Infinity scarves are one trend that just keeps going and growing. You can find them in everything from chunky knits to smooth cashmere to sheer voiles. We wanted to revisit our earlier infinity scarf tutorial with an eye for how to utilize some of the lovely pre-embellished fabrics so readily available now both in-store (even the chains) and online. For this scarf to work well, you need a fabric that comes in a very wide width (at least 58" - 60") and has a lovely soft drape. We opted for knit, which comes in an amazing array of colors, patterns and textures. We found a soft jersey knit in a dusty charcoal gray pre-embellished with pretty sparkles, giving our scarf day-into-evening appeal. We also changed-up our original cutting plan to make the best use of the fabric. By cutting and sewing together a number of strips on the diagonal, similar to how bias binding is sewn, you can hide the seams and get a nice bit of stretch so your finished circle is easy to twist and loop into just the look you want.
Our scarf finishes at approximately 86" in circumference x 12" in width. This is enough length for a double or triple loop on most people.
Because we're working with such large strips of fabric, photography at actual size is a challenge. Instead, we made a mini version of our scarf to be able to capture the steps within the standard frame of the camera.
Don't let this throw you as you walk through the instructions below. It reminds me of that great scene in the movie Spinal Tap where they end up with a Stonehenge stage set that is just 12 inches high rather than 12 feet. Wouldn't want that to happen to you!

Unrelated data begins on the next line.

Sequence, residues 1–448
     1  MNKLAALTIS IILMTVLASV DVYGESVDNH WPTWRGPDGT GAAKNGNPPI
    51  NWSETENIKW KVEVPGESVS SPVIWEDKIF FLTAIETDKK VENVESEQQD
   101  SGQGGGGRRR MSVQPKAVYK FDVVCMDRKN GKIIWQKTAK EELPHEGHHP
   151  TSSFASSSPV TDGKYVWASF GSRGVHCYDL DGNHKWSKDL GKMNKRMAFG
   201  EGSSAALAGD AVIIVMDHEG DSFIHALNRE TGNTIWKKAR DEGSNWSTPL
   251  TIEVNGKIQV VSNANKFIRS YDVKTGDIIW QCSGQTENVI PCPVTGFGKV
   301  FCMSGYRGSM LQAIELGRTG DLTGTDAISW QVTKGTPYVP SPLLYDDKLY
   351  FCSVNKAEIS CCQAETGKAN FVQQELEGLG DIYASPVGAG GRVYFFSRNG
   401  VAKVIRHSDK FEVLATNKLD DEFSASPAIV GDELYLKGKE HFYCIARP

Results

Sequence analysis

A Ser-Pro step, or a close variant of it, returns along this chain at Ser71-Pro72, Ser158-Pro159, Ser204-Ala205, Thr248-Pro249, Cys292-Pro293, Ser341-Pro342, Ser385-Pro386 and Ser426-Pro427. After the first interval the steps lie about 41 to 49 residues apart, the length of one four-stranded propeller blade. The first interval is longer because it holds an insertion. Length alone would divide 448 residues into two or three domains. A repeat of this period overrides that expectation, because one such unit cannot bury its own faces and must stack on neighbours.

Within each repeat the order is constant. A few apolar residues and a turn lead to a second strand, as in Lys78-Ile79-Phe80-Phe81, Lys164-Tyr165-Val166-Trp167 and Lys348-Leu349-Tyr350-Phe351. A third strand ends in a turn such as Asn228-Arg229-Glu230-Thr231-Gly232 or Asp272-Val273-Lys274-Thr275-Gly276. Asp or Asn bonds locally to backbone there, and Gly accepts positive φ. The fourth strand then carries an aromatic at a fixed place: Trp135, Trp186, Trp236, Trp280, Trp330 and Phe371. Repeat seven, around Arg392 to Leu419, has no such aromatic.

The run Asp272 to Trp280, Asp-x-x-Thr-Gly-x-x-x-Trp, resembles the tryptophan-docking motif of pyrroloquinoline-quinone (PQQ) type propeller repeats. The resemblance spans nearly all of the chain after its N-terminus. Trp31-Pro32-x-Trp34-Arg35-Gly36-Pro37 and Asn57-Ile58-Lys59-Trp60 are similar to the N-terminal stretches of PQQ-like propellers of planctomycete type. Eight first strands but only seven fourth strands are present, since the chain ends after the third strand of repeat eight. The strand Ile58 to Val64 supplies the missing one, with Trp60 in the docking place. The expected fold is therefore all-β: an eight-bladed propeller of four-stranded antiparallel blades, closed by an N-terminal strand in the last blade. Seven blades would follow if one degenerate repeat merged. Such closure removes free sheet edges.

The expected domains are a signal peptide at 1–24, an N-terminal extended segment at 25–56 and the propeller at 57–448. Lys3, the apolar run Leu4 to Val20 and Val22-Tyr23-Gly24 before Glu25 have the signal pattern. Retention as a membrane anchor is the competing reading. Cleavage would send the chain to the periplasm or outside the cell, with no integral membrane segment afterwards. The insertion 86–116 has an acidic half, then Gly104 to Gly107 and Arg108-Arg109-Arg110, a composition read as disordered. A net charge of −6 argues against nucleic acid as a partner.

Sewing Tools You Need
- Any Sewing Machine (we recommend the Janome 3160QDC)
Fabric and Other Supplies
- 1½ yards of 58"+ wide soft jersey or similar lightweight fabric; we used a 60" soft charcoal jersey knit pre-embellished with rhinestone chips, purchased locally at Jo-Ann Fabric
- All purpose thread to match fabric
- See-through ruler
- Fabric pen or pencil
- Iron and ironing board
- Scissors or rotary cutter and mat
- Tape measure
- Seam gauge
- Seam ripper
- Straight pins
- Hand sewing needle
- From the knit, cut FOUR 13" wide x 60" (width of fabric) rectangles.
- Separate the rectangles into two pairs. Place each pair right sides together, then stack the two pairs together one on top of the other.
- Make sure all all four layers are flat and smooth and all edges are flush.
- You will be making two 45˚ cuts, one on each end. As shown in the diagram below, the two cuts are parallel, one goes down from the top left corner, the other goes up from bottom right corner. You'll discard the ends you cut away and just work with four center segments.
- The easiest way to set up this cut is to align your see-through ruler along a 45˚ grid line on your cutting mat. You can then slice each angle with a rotary cutter. If you do not have a cutting mat with grid lines, use a ruler and protractor to calculate and draw in your 45˚ angles... reaching back to your days in Mrs. Peterson's fourth grade math class!